Working with the dogs is simple and life-affirming for kids who may have struggled all their lives to form bonds. I’ve noticed how they grow more patient and tolerant with every interaction
Oakland,CA (PRWEB) November 19, 2014
WHO: East Bay SPCA canine trainee dogs in Humane Education Program with 13 seventh and eighth-grade students from the Lighthouse Community Charter School in Oakland.
WHAT: The Teaching Love and Compassion Program (TLC)2014 commencement ceremony. TLC is a seven-week long violence prevention program for at-risk youth designed to teach empathy and compassion. TLC engages middle school students who live in high-crime and gang areas. Students learn to care for and train homeless shelter dogs using positive reinforcement. They also participate in interactive lessons that include public speaking, anger management, conflict resolution, animal cruelty issues, the web of life, and team development exercises. At the ceremony, students demonstrate their dog-training skills for family, teachers and peers and meet their dog’s new adoptive family to give advice about what their dog knows and needs.
WHEN: Thursday, November 20, 2014 from 6:00 pm to 7:00 pm
WHERE: East Bay SPCA, Education and Training Center, 8323 Baldwin Street, Oakland, CA 94621
HOW: Media is invited to attend. Please contact Rita Wilds, rwilds(at)eastbayspca(dot)org 510.563.4621.
WHY: Studies show that cruelty toward animals by children may be a symptom of existing domestic violence and stress, as well as a predictor of future violence toward people. If compassion and respect for animals can be taught at a young age, the violence toward animals is reduced and in turn lessens the violence toward people. TLC students learn to accept animals as living beings with feelings and needs. High-risk students who participate in programs that match them with dogs needing training and rehabilitation develop better social and emotional abilities. Participants are better able to recognize and express their own emotions, give increased consideration to the thoughts and feelings of others, relate to others, cope with stress, and to begin thinking in less negative or self-serving ways.
“TLC is one of our key strategic initiatives to serve our immediate community by expanding the role of traditional animal welfare. The program focuses on our fundamental mission: to eliminate animal cruelty, neglect and overpopulation by providing programs and education that support people and companion animals,” said Allison Lindquist, East Bay SPCA President and CEO.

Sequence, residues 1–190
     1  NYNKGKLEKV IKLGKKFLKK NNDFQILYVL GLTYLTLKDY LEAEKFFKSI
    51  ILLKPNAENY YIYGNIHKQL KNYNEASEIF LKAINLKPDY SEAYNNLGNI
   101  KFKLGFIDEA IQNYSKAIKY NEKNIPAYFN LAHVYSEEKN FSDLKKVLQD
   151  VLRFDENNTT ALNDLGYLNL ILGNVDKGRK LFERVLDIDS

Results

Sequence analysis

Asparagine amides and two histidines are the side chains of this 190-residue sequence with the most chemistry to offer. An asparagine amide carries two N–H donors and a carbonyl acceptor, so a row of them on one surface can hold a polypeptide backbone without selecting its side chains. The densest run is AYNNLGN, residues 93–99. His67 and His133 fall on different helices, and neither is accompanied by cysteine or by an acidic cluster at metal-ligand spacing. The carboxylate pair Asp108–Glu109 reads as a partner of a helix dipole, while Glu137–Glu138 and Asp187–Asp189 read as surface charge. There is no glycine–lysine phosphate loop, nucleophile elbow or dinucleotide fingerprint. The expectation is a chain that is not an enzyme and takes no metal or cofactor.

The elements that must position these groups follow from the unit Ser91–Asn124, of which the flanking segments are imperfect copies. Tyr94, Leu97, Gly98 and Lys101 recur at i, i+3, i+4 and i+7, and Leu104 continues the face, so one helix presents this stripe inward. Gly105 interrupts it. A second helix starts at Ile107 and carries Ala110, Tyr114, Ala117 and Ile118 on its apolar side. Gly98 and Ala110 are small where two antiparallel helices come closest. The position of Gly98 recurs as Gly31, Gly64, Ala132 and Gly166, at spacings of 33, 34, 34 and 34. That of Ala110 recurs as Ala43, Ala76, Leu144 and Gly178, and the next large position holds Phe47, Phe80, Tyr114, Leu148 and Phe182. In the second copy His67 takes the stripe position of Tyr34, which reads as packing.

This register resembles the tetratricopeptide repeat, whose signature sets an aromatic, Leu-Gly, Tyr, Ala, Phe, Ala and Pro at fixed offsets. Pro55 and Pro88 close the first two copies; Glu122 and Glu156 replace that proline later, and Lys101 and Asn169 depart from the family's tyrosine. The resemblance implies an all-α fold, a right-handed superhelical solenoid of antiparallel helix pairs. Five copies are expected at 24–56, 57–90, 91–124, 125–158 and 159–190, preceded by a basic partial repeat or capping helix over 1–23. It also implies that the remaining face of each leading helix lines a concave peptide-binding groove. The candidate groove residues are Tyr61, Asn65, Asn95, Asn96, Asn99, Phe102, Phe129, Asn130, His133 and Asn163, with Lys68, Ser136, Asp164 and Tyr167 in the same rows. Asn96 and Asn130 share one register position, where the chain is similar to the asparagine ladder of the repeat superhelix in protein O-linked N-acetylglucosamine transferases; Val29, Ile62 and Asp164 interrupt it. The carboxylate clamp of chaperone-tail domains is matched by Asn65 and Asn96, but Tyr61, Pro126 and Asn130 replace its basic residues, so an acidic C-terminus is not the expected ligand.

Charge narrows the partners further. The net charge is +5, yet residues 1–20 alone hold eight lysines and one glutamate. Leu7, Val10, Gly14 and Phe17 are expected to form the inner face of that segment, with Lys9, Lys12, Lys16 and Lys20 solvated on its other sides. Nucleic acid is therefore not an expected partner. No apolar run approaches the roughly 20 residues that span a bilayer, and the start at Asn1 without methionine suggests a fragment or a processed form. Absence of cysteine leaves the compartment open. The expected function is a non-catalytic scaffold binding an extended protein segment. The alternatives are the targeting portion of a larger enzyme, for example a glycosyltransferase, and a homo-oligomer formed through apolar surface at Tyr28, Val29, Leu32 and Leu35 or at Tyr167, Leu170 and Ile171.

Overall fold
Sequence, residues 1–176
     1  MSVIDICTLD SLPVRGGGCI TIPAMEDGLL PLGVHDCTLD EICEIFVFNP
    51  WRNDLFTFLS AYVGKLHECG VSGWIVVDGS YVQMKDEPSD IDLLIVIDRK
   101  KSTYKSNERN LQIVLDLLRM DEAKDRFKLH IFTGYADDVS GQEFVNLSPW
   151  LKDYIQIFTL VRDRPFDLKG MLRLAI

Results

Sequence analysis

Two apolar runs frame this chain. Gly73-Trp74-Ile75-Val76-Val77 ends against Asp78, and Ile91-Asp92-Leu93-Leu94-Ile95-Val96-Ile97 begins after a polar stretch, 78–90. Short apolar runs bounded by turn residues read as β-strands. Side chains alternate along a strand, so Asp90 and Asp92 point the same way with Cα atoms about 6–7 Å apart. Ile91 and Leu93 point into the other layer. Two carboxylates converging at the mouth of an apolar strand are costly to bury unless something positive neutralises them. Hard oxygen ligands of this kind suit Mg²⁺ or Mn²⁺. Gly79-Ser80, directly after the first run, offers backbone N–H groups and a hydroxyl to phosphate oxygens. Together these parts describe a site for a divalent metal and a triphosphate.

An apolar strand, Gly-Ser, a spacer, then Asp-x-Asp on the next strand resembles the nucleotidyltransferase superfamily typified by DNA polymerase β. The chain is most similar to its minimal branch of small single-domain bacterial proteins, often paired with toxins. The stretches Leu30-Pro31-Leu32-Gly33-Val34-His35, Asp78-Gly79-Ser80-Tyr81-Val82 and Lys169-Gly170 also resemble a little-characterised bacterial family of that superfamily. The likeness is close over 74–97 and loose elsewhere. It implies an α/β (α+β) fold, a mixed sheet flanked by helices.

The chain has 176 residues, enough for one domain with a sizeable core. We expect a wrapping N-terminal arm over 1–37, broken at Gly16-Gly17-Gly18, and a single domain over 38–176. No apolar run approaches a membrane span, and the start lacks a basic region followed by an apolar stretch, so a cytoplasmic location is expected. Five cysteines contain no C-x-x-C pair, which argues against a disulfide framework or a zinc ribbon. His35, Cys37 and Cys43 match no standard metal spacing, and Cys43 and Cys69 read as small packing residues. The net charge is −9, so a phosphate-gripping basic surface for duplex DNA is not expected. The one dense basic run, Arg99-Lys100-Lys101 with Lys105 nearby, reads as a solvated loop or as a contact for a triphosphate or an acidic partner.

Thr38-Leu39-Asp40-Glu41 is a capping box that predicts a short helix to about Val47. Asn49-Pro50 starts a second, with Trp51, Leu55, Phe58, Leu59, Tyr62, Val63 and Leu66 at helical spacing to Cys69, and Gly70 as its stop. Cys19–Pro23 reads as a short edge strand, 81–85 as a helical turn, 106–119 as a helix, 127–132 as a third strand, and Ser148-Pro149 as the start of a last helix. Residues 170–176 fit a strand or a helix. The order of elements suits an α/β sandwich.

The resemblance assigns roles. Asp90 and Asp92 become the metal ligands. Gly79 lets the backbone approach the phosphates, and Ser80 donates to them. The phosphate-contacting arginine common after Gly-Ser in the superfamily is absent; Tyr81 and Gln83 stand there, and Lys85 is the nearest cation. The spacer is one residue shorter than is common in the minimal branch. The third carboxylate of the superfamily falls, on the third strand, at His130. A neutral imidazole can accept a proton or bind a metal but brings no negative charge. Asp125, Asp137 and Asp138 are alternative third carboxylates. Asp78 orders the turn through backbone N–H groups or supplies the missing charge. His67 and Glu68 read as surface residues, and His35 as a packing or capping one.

The TLC program targets children ages 11-13. Students learn basic life coping skills such as anger management, conflict resolution and teamwork. They also learn the importance and value of caring for animals and respecting the natural world around them. Each student is teamed with a partner and an “at-risk,” untrained shelter dog. The student teams work together with their shelter dog every day after school for four weeks. Students build a bond with the animal and the shelter dog learns basic obedience training.
“What’s fascinating is watching the kids develop relationships with the dogs. In return, the dogs bond with the kids,” said Marti Zuckrowv, TLC’s assistant trainer. “It’s simple and life-affirming for kids who may have struggled all their lives to form bonds. I’ve noticed how they grow more patient and tolerant with every interaction.”
TLC dogs are available for adoption during the program but wait until graduation to go home with their adoptive families. At this time, all but two of the dogs have been adopted. If you’d like more information about Humane Education programs at the East Bay SPCA or adoptable animals, please visit http://www.eastbayspca.org
About the East Bay SPCA
The East Bay SPCA is a 501 (c) 3 nonprofit committed to the welfare of cats and dogs in Alameda and Contra Costa Counties. Our mission is to eliminate animal cruelty, neglect and overpopulation by providing programs and education that support people and companion animals. We operate adoption centers in Oakland and Dublin; offer training classes, humane education programs and spay/neuter centers in both locations; and a full-service veterinary clinic in Oakland. Founded in 1874, The East Bay SPCA is one of the nation’s oldest humane organizations and receives no funding from any national organizations. http://www.eastbayspca.org